When she says I am not her daughter, I no longer argue. I try as much as possible to enter into her world, and be whoever she wants me to be, whether that's her sister, her mother, a nurse, a nice lady she calls "Miss" -- I found that with my Mom, challenging her and trying to get her to see the truth only made her angry. Because I finally had to accept that she will never know our reality or truth again; that's gone from her.

    I am in awe of what you do for your mother; how blessed she is to have you.

    And I LOVE to shop at GOODWILL too! The only thing better is getting something for free.
    All best wishes ... Cass

  6. Long before Sue and were more than friends I was engaged to/lived with a lady (May she rest in peace) that developed Lou Gehrigs Disease. When having a bad day she would become hateful toward everyone around her. She had an old friend who's Father was a doctor. I mentioned the mean streaks to him over dinner one evening. He told me that when that happens it is the disease not the loved one speaking.

    God Bless America, God Save The Republic.

  7. thank you guys you all make my day. I need extra surport from people that are there or have been there. Thank you all.

  8. Oh Karen, you are such a good daughter!!! Alzheimer's is such an awful disease, it changes the people we love, but if we can only remember (and it's so hard) that it's the awful plague in the brain, and not the one we love talking. Sometimes (last night)... I was thinking, I don't like David......but then I tried my best to turn it around and say how much I hate Alzheimer's. Sometimes it's so hard...
    Hang in there..... we're with you in our thoughts and prayers.

  9. Thank you everyone for you great comments they help so much....

  10. My mom would always threaten to call the police or my older brother (who didn't live with us). Sometimes she'd have freakouts in the middle of the night and threaten to call him at 2am or 5am. I'd calm her down enough and point out that it's the middle of the night so she wouldn't call him. G*d knows how many phone calls I saved him from.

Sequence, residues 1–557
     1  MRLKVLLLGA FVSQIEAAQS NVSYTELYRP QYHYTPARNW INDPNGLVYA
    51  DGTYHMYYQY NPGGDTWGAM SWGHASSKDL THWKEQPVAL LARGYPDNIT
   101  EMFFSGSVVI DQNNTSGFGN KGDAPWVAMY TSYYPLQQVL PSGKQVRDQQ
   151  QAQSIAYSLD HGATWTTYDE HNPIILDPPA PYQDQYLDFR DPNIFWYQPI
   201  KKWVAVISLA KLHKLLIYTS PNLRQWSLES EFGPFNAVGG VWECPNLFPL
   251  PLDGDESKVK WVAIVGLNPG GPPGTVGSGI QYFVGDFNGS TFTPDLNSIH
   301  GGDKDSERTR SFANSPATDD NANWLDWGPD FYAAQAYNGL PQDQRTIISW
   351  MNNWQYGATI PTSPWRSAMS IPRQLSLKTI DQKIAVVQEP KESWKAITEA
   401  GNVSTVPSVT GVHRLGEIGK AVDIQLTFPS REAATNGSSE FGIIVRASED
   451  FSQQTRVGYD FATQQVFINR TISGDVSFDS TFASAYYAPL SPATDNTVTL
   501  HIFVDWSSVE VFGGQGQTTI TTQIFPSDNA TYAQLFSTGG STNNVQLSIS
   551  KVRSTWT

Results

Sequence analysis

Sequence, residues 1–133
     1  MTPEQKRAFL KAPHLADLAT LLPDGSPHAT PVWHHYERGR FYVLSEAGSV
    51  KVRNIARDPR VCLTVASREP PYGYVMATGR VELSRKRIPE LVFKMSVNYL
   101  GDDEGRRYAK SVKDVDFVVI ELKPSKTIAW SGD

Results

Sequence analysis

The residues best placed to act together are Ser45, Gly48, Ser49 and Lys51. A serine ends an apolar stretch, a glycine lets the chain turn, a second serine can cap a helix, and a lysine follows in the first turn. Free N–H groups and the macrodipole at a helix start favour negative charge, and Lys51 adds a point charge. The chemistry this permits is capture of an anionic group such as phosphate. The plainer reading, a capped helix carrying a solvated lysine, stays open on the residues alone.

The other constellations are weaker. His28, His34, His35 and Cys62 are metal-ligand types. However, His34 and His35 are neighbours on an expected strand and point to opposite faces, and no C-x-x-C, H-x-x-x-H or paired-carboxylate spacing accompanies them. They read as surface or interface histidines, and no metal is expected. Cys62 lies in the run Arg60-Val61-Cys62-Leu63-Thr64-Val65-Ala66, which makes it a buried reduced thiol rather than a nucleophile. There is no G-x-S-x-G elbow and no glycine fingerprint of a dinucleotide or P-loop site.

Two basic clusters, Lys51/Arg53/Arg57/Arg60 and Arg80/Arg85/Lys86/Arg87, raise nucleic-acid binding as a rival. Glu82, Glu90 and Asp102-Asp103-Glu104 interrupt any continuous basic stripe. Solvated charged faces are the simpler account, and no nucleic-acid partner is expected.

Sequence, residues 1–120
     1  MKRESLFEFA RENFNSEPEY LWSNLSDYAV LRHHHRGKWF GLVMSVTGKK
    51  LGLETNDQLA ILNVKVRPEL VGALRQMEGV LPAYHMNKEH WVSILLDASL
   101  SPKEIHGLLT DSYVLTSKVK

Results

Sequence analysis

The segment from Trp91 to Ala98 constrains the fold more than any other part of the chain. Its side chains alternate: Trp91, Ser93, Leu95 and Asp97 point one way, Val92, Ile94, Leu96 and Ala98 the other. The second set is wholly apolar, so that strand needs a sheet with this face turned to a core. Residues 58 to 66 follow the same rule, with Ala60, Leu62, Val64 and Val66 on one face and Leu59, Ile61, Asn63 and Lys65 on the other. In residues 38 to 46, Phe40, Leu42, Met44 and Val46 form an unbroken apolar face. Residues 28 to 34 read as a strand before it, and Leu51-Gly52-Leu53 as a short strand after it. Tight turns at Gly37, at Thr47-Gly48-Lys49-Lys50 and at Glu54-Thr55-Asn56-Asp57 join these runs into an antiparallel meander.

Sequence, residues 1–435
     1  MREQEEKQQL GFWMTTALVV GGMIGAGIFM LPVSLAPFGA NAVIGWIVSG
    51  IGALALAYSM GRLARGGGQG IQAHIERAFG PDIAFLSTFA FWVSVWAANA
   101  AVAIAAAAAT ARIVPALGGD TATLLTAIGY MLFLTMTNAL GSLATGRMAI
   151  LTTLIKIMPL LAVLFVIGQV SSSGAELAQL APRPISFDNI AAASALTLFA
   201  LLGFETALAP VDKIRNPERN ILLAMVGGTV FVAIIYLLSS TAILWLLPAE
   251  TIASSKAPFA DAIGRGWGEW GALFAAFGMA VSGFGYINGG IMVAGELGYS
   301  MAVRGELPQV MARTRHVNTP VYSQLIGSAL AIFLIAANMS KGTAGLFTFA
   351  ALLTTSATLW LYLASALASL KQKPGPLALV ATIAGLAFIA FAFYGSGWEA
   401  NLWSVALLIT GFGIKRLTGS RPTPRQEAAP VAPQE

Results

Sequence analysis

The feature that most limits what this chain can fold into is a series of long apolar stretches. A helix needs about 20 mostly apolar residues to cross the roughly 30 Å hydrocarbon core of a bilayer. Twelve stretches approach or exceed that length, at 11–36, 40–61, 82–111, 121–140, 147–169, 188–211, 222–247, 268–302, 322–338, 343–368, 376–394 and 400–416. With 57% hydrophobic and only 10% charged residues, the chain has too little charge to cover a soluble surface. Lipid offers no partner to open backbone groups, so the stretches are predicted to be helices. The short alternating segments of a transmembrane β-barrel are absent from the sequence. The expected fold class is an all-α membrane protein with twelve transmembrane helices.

The next day, she'd sometimes remember and call him but most days, she'd forget and things would go back to normal...well, as normal as could be. Meanwhile, I'd be exhausted and have to go to work and be functional!

  11. Your place in Heaven is guaranteed for this amazing service you are providing for your mom. I can't even imagine how conflicted you must feel at times. It's probably a useful tool to go through the motions like a robot. You couldn't provide endless care for her if you maintained the personal aspect all the time. It would be too painful. Defense mechanisms develop in us to enable us to cope with extreme situations. When I cared for my mom at the end of her cancer, I was in full "nurse" mode, much more than daughter mode.

  12. Touching blog. Glad I found you. Try It might help.

  13. We went through this with Young Tom (my g'father. My poor mom had to tell him that my grandmother was dead -- and endure the obscenities that followed because in his world, it was not so.

    So, understand your pain. The days when he would not know who we were were the worst.

  14. thank you NV. My I tell my mom dads at work when she ask . Which is everyday. But he is not. So sad.


Thanks for visiting my blog and I love reading your comments. Please come back soon. Karen

The Early, Mild to Moderate and Advanced stages of Alzheimer's in the brain.

The Early, Mild to Moderate and Advanced stages of Alzheimer's in the brain.

Seven Stages of Alzheimer's

1. No sign of congnitive impairment. 2. Very mild congnitive decline. 3. Mild congnitive decline. 4. Moderate congnitive decline. 5. Moderately severe congnitive decline. 6. Severe congnitive decline. 7. Very severe congnitive decline. (Congnitive pertains to the mental process of perception, memory, judgement, and reasoning, as contrasted with emotional and volitional processes.)